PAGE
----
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  • Fayette County Public Schools(LEXINGTON, Ky.) -- After spending seven years working as a custodian at a Kentucky high school, Lowell Outland walked back into the same school as a full-time teacher on Wednesday.Outland, 59, is now teaching many of the same students who saw him cleaning the campus and helping them on field trips at Tates Creek High School in Lexington.“It gives you a whole different feeling,” Outland told ABC News. “The kids would come up and say, ‘Hey, weren’t you a custodian last year?’”Outland said his career change prompted one of the school’s approximately 1,800 students to tell him, “Man, I think that’s cool.”Outland wasn't able to finish high school himself in the 1970s, but he earned his GED while in the military. He went on to earn an associate's degree.Outland said when he started at Tates Creek after being laid off from a local electronics company that was downsizing, he had no interest in working in the classroom.He dropped out of high school in the 1970s and earned his GED while in the military. He later went on to earn an associate’s degree.Then, while working at Tate’s Creek at night, he took college classes in the morning and earned his bachelor’s degree from a nearby university.He said being around the high school students led him to change his career path and go into education.“I got to know the kids and there are some of them that are absolutely wonderful and I enjoyed being around them,” he said. “I felt like it was time for me to start contributing a little bit.”Lowell said he studied before the start of his 1 p.m. custodian shift. When Lowell left his custodial job in July, it marked the end of his 12-year educational journey from associate's degree to teaching certificate."I think my past experience will give [students] something to think about,” said Lowell, who is teaching digital photography and graphic communications. “I’m showing them what they can do with their lives.”The school’s principal, Marty Mills, said he had no hesitation in hiring Lowell, whom he said has a natural rapport with students.“I’m just happy that we’re able to keep him here,” Mills said. “I just believe it’s a great story for our kids and for everybody -- that when it gets hard, you don’t just give up.”Lowell, 59, said he “can’t comprehend” his age and so is undaunted about starting a new career at a time when many of his peers are considering retirement.When asked whether being around high school students gives him energy, Lowell replied honestly: “Sometimes it does and sometimes it just wears me out.”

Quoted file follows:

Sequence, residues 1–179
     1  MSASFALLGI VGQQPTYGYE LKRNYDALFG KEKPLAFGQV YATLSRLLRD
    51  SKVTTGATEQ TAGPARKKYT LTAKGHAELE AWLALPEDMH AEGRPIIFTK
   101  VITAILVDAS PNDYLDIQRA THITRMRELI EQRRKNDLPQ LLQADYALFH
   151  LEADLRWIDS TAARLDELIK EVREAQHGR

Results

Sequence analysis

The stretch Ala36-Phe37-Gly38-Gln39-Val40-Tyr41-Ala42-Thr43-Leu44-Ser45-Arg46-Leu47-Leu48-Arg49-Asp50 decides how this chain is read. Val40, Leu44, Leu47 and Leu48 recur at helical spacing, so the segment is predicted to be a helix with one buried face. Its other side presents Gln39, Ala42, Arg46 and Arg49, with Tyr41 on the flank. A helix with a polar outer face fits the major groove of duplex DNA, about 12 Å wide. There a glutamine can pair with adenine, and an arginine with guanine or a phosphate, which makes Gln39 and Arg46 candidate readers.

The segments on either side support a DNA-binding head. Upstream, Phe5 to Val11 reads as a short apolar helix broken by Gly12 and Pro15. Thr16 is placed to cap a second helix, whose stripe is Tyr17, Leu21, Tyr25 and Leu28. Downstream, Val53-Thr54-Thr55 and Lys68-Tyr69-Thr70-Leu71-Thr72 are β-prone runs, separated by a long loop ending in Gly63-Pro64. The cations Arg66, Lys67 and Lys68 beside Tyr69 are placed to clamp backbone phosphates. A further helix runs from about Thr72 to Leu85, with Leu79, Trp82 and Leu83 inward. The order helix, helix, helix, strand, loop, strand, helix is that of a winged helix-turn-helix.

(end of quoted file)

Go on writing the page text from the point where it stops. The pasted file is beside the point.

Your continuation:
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  • iStock/Thinkstock(NEW YORK) -- Even though parts of the U.S. will be in partial darkness thanks to the total solar eclipse on Monday, consumers across the country will be able to score some shining deals both inside and outside of the eclipse's path of totality.Check out the list of businesses rolling out specials and savings.Denny'sThe diner chain is offering $4 all-you-can-eat "moon cakes" on Monday, an eclipse-worthy take on their classic pancakes.Krispy Kreme DoughnutsThe doughnut shop announced on their site that they will "eclipse" their original glazed doughnuts by covering the traditional treat in "a mouth-watering chocolate glaze." Customers can try the limited-time doughnut from Aug. 19-21.Dairy QueenThe fast-food chain will feature a buy-one, get-one-free Blizzard deal, so two of the desserts will cost customers a cool 99 cents until Sunday, Sept. 3."We love any excuse to celebrate with our fans," Maria Hokanson, American Dairy Queen Corporation's executive vice president of marketing, said in a statement. "What better way to watch the eclipse or enjoy the last lazy days of summer than with a Blizzard BOGO?"MoonPieThe brand has a celestial body in its name, so the company is giving customers 15 percent off all online orders through Aug. 21.
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  • Inspired By A True Story Photography(NEW YORK) -- One Target-loving mom decided to return to the store to celebrate her third child.
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  • Leon Neal/Getty Images(NEW YORK) -- A 17-year-old high school student from Uruguay who taught himself computer programming was awarded $10,000 from Google for discovering a security bug.